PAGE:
• Future oriented
  • Likely to lead to a better future for the organization
  • Fits the organization’s history, mission and values
  • Sets standards of excellence
  • Clarifies the organization’s purpose and direction
  • Inspires enthusiasm and commitment
  • Reflects the uniqueness of the organization
  • Ambitious

As an example Ford Motor Company’s original Vision Statement  was to “Democratize the Automobile”, today it is “To become the world’s leading consumer company for automotive products and services”.  

The Ronald McDonald House Vision Statement is: A world where all children have access to medical care, and their families are supported and actively involved in their children’s care.

The Vision Statement of the Red Lodge Songwriter Festival one of my companies is: Our vision is to create an annual event that brings tourists and songwriters, including hit makers, to Red Lodge each summer to share their talent and skills with the local community. Through this interaction of songwriters and their music we will create an inspirational culture that promotes creativity in songwriting, performing, and collaboration among the artists.

Values. How do we want to conduct ourselves in our business and personal life. This should be the guiding principle on how leadership conducts

themselves in their business dealings and is reflective of how the outside community views the organization. Words like honesty, integrity, caring, transparency, knowledgeable are often reflected in value statements.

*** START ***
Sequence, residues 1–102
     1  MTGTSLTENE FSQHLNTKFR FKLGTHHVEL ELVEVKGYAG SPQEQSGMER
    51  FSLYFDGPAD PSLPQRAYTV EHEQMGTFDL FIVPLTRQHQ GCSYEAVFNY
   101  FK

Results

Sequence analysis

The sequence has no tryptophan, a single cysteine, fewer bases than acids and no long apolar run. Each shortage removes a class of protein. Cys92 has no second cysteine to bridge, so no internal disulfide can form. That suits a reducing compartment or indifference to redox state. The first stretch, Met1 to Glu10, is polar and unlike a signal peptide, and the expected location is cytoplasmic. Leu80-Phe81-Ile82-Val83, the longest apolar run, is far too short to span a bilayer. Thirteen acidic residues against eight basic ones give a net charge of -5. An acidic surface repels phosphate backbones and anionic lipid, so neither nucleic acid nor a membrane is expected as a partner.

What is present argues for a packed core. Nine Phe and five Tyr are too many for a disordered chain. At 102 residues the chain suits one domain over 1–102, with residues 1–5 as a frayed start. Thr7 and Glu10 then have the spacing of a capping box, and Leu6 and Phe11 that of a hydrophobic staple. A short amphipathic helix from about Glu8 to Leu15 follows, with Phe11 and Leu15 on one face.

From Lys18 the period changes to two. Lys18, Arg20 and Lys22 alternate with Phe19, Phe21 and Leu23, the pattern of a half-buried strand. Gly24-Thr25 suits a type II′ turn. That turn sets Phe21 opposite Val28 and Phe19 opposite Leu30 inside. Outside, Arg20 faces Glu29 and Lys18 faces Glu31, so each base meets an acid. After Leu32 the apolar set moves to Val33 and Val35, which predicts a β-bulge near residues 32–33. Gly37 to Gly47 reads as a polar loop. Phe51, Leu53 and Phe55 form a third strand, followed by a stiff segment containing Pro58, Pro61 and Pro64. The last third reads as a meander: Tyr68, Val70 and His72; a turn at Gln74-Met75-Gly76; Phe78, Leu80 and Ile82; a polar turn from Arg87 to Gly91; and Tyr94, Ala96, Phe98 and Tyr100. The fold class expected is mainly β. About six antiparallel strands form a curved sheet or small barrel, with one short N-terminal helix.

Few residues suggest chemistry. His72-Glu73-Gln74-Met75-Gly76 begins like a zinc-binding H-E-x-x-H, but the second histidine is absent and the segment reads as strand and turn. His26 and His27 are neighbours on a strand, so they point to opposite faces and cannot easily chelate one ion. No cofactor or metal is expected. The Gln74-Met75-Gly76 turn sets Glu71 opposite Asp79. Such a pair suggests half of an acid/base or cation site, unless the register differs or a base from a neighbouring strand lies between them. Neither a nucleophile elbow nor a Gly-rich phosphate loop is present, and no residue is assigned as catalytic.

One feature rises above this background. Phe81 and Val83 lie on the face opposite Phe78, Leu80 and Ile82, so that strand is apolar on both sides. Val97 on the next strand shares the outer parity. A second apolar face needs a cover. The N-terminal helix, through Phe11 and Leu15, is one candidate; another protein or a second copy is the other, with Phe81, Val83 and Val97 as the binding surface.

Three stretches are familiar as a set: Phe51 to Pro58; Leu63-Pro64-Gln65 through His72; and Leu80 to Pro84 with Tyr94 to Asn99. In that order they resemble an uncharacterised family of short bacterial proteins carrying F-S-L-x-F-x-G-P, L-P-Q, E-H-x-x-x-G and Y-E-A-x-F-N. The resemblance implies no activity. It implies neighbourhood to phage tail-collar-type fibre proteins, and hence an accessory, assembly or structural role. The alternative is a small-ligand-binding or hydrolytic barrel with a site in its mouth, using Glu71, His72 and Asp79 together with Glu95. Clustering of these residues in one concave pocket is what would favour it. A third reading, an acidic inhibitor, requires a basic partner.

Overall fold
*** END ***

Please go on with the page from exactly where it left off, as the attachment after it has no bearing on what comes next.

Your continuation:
I’ll use Expedia again as an example.  They call their values Cultural Norms which is a great name. If the company abides by its values statement that is what creates the culture.  

“We believe being different: We feel new ideas, different ways of thinking, diverse backgrounds and approaches, because averages can lie and sameness is dangerous. Because of this belief, our norms aren’t rules or universal at all corners of our company, But they are important to our identity and how we work together. Like our company, these norms will evolve.

  • We Lead Humbly: Our leaders serve their teams. None of us has all the answers, but we are curious and we are always looking to learn. Though our leaders take their responsibility to our business and their teams incredibly seriously, they never take themselves too seriously.”
  • We are transparent: We communicate openly and honestly, at all levels, upwards, sideways, and downwards. We surface difficult issues quickly, we act, we learn.”